(born 1684, died 1748) was one of the better known followers of Wren
who became a protégé of Lord Burlington, and was a scholarly designer,
painter, and author, (fn. 32) while John Vardy (died 1765), Kent's able coadjutor,
was, apart from the works that they jointly produced, responsible for some
notable additions to London architecture. (fn. 33)
The present buildings took the place of a structure varying in
height from one to three storeys, that provided primarily stabling upon
the ground floor for the Horse Guards and for a part of the Foot Guards
and a sutling house, and administrative offices above, with a chapel over
the gateway. As with the present buildings, a courtyard on the Whitehall
front was included and through communication with the Horse Guards
Parade. These earlier buildings were of somewhat irregular character, as
illustrated in Plate 1 and Plate 2.
In the replacement which was effected towards the middle of the
eighteenth century, the new group of buildings took on the more formal
and symmetrical arrangement characteristic of the period.
On the western side facing the Park—or Horse Guards Parade, as
now known—the main central block is of three storeys with pavilion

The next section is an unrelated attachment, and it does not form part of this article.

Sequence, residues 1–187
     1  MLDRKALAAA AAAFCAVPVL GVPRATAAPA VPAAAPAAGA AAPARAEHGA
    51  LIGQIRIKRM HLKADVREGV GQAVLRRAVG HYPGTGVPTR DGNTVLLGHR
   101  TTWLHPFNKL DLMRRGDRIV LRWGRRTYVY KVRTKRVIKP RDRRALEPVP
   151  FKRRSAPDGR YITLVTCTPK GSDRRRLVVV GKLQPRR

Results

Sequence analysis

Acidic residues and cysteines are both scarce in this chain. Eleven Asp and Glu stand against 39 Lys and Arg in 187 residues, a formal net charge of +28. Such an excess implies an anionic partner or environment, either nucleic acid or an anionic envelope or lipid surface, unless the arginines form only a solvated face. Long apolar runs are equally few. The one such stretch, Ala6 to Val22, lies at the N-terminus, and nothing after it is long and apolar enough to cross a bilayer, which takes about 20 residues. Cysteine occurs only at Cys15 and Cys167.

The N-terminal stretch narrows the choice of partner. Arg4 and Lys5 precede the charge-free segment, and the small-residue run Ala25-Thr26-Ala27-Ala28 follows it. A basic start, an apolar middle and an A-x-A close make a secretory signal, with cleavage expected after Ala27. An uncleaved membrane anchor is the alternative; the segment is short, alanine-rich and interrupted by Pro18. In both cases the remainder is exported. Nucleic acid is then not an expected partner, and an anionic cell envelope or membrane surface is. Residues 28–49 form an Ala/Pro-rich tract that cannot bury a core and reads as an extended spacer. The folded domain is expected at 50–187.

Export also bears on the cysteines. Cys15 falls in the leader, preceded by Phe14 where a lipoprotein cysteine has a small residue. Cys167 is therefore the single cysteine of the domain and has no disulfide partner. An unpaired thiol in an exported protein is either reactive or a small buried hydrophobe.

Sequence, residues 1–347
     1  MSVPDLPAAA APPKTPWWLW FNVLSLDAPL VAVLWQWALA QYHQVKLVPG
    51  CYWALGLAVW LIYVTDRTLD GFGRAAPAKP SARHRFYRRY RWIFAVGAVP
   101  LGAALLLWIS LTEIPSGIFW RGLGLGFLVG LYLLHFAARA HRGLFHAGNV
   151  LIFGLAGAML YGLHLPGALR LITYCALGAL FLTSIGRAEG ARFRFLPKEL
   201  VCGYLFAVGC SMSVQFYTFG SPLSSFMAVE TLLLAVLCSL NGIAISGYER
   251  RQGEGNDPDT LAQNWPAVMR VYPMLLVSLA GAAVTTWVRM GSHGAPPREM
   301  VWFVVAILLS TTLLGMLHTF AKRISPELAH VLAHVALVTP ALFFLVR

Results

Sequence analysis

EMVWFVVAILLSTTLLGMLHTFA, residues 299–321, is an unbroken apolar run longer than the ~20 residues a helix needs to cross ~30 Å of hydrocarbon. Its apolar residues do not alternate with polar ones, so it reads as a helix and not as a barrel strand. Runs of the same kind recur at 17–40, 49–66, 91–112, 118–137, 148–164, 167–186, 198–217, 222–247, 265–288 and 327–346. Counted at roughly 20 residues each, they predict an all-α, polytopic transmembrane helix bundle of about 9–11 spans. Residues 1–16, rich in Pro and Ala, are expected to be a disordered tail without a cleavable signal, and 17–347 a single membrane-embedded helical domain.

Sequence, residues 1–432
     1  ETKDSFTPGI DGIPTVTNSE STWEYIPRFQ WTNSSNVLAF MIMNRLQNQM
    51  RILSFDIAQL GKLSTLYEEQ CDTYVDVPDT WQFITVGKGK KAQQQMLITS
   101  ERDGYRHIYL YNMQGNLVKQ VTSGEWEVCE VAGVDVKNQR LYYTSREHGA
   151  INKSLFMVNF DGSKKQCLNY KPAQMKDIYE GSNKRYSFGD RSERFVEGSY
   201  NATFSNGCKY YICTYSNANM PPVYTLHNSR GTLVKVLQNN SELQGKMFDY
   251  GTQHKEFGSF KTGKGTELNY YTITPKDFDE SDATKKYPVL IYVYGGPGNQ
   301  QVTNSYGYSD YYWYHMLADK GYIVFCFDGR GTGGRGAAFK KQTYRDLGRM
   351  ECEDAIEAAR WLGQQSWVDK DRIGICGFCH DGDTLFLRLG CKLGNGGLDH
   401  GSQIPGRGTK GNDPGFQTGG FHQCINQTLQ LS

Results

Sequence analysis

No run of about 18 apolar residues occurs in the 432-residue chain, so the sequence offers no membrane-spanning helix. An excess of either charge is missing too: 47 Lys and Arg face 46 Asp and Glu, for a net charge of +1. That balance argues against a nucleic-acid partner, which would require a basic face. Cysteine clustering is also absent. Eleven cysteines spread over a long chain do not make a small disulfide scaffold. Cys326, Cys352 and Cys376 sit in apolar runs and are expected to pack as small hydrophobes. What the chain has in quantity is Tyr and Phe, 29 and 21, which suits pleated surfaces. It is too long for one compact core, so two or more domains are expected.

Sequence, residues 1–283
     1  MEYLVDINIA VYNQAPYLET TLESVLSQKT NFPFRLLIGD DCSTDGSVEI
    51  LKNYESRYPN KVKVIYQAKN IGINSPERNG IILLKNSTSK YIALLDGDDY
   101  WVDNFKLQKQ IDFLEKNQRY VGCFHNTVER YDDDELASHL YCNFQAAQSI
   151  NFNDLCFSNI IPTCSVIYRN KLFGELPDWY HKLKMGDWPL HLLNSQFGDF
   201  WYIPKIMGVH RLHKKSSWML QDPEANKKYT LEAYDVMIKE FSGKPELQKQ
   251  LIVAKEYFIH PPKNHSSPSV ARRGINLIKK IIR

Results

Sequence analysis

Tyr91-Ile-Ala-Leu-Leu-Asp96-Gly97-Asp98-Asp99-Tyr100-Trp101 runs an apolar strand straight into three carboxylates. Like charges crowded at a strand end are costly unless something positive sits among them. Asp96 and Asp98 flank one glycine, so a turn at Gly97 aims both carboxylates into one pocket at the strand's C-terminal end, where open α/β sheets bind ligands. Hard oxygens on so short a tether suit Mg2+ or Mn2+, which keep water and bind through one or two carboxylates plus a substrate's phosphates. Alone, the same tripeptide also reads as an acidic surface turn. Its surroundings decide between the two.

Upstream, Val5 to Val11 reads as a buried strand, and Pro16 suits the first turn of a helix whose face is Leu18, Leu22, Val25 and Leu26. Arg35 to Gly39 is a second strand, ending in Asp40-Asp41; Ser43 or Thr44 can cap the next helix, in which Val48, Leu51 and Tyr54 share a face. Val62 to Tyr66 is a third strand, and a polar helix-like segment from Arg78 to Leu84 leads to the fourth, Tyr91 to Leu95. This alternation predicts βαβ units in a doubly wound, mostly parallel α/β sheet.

projections carried up to a fourth storey, the symmetrical, or axial, arrangement being emphasised by a centrally placed cupola. Flanking portions of
generally similar height support the central block at the extreme ends of the
façade, with recessed sections between, and a screen wall treatment, one
storey in height, to connect architecturally the main block with the outer
flanking pavilions. The general effect of this arrangement is illustrated in
Plate 15 and the various reproduced photographs. The rusticated character
given to the masonry on this front, with its strong plain string courses and a
main entablature with modillioned cornice and pulvinated frieze, gives suitable emphasis to the purpose for which the buildings were designed. On
the Whitehall side the note of architectural severity is obtained by different
means, but is almost equally expressive of the purpose for which this
remarkable example of mid-eighteenth-century architecture was designed.
The central block, already referred to, has a frontage to the courtyard, with
a pedimented gable in which are carved the Royal Arms and Supporters